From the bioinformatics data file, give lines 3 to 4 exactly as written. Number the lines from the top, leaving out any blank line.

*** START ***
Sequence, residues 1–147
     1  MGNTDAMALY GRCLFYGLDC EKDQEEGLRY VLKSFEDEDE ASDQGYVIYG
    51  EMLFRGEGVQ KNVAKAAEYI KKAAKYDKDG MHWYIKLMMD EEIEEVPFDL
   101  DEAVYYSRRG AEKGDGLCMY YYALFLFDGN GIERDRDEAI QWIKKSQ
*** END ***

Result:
    51  EMLFRGEGVQ KNVAKAAEYI KKAAKYDKDG MHWYIKLMMD EEIEEVPFDL
   101  DEAVYYSRRG AEKGDGLCMY YYALFLFDGN GIERDRDEAI QWIKKSQ